We usually think of innovation as creating new technologies to solve problems or improve some industrial process, or invent new products. Throughout the Industrial Age, economic growth and productivity have resulted from innovations in the production of goods and services. The integration of new technologies with labor and new energy sources, first coal, then oil, and later nuclear power, resulted in rapid development. Cheap energy has been so plentiful in the industrial nations for most of that time that we have been comfortably complacent, assuming its permanence.
But now, the fossil-fuel driven growth economy has just about run its course. Resource depletion, overpopulation, over-consumption, financial crises, and peak everything leave little room for the continued economic expansionism on which social stability has been based for over 200 years. On top of that, the ultimate planetary limits imposed by accelerating climate disruption call upon humanity to innovate in heretofore unimagined ways.
One of the standard rationales used by business elites to argue for special tax breaks and subsidies is that they are needed to stimulate innovation. Even the Banksters throw up the idea that “financial innovation” will stimulate investment and job growth, to justify avoiding public regulation. They manipulate markets and sell fraudulent derivatives to pension funds and municipalities. Their overextended speculations caused the world banking crisis of 2008-9, from which we still suffer. It will happen again without real controls in place. That kind of innovation we can do without. Yet Attorney General Erik Holder cowers before the power of Jamie Diamond, CEO of J.P. Morgan Chase, one of the biggest offenders and one of Wall Street’s most powerful firms. Crime without punishment. These are artifacts of a corrupt and dying system.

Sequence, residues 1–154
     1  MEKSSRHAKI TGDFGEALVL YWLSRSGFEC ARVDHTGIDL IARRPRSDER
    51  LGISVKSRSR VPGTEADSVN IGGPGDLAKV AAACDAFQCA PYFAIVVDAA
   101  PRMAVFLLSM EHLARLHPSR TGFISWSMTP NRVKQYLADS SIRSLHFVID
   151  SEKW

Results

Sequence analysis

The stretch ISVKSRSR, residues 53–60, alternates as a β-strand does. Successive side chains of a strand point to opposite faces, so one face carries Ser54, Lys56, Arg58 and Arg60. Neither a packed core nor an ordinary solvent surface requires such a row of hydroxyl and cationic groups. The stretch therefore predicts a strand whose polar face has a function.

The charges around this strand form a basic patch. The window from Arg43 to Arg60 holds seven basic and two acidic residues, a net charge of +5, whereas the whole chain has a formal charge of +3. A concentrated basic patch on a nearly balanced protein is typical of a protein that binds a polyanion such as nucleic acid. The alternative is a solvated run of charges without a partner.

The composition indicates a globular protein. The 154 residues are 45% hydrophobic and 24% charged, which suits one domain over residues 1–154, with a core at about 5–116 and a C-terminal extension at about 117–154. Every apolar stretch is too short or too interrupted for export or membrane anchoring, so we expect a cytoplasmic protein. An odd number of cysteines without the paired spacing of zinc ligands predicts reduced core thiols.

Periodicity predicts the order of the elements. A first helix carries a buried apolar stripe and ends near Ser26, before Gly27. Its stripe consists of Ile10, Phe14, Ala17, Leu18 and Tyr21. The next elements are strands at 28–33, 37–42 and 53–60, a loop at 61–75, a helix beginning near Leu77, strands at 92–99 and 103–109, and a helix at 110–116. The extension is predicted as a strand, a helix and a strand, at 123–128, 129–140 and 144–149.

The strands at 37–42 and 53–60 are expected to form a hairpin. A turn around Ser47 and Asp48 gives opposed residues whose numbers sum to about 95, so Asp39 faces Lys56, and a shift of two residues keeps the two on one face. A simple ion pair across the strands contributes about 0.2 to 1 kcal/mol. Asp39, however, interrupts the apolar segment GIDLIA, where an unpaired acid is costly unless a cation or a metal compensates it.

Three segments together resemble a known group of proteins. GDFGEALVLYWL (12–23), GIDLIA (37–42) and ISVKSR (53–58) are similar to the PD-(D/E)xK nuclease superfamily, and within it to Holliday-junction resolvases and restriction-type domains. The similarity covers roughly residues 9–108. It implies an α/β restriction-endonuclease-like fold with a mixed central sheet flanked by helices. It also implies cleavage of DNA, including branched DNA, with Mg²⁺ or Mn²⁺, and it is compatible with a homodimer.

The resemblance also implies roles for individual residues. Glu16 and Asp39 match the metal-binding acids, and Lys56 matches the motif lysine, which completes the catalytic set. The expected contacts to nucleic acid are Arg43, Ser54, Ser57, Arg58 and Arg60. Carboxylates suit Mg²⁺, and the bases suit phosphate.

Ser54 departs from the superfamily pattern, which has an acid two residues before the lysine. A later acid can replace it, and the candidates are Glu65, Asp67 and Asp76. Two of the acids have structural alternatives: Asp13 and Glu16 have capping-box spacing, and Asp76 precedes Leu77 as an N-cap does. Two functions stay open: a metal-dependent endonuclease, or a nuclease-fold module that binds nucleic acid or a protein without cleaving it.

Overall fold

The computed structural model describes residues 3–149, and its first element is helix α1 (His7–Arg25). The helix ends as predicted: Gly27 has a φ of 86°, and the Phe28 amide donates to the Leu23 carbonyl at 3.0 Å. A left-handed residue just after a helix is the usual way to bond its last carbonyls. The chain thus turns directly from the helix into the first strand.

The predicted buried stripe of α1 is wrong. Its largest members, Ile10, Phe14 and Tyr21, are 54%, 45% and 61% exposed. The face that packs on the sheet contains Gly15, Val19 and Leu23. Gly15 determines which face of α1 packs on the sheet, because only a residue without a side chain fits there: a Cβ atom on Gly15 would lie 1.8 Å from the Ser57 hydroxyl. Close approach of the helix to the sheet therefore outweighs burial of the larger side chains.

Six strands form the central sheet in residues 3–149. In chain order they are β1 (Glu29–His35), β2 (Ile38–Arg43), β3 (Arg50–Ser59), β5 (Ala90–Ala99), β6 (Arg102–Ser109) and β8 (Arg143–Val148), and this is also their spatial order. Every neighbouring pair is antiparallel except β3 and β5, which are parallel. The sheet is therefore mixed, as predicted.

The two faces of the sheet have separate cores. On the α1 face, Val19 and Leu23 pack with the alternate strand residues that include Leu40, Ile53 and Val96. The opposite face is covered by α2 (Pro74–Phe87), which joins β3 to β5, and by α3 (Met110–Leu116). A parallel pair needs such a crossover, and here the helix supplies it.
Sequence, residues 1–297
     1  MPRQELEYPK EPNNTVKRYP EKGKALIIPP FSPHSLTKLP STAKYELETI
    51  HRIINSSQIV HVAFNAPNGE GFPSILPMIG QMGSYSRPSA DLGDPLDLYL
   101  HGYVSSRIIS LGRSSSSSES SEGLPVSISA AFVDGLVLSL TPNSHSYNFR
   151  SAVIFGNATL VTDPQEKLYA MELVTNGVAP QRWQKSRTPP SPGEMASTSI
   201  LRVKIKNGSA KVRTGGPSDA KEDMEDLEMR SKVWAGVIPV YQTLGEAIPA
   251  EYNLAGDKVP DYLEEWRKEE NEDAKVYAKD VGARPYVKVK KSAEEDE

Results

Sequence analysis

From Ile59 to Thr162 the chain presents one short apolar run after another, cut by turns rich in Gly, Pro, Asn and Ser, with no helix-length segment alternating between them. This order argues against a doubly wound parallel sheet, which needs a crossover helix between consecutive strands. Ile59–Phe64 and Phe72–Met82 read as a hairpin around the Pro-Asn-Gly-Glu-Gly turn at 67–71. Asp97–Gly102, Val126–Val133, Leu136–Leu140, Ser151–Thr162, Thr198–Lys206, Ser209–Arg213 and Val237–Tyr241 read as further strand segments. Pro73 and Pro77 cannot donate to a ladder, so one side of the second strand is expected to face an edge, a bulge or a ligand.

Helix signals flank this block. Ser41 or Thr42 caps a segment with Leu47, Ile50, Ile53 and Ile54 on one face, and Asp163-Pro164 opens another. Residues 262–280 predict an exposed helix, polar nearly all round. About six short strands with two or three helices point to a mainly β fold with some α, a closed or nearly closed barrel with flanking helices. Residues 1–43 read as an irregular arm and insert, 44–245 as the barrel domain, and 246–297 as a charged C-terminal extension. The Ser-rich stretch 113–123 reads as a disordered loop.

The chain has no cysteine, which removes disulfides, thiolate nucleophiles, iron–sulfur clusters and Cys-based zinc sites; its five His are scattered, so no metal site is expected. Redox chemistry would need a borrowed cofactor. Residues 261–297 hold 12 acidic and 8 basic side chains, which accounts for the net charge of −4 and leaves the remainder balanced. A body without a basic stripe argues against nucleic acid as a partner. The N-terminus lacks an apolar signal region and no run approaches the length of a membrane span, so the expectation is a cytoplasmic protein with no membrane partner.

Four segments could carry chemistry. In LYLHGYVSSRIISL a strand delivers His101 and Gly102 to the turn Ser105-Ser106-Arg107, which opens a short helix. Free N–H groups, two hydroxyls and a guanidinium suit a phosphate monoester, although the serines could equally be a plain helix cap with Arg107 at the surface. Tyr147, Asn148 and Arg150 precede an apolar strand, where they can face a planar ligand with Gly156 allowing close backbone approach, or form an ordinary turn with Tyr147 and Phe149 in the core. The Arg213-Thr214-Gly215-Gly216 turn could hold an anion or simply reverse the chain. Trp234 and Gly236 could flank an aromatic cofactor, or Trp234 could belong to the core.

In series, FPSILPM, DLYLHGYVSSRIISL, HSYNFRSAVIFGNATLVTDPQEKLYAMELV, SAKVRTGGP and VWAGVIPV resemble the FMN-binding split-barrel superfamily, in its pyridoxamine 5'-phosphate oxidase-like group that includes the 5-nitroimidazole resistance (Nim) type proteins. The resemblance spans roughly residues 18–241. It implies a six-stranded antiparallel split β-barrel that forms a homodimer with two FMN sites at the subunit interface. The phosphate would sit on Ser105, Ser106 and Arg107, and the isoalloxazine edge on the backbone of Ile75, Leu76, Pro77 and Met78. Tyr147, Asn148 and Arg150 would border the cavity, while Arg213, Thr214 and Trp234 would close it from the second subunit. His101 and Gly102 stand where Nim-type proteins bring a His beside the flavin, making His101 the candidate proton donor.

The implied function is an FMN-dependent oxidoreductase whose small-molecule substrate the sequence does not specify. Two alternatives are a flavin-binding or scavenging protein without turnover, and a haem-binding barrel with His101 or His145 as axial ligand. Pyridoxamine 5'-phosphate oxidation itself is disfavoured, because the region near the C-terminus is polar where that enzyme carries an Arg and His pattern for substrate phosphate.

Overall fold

Of course, looking at the actual cases of innovation and ingenuity in the real world of business, technology, or social sectors, which lead to actual benefits to society, we see a very different picture. Innovations come from the creativity of persons in situations. In contrast, financial manipulators operate in an abstract electronic environment. Some people are quite ingenious in creating new ways to acquire money. But money does not cause real-world innovation. Today, the greatest challenge humanity has ever faced calls for ingenuity and innovation of a completely different kind at a much grander scale than even the financial elite can imagine.
This time, a huge dose of human ingenuity is required by the rapid emergence of extreme circumstances. Yet, the elements of this crisis of humanity are barely recognized and are mostly seen as a vague future threat. Major innovations at scale are needed because of the severity and urgency of the need for massive collective action to abandon fossil-fuel and create an unprecedented societal transformation to reset our relation to the earth systems on which we depend for life.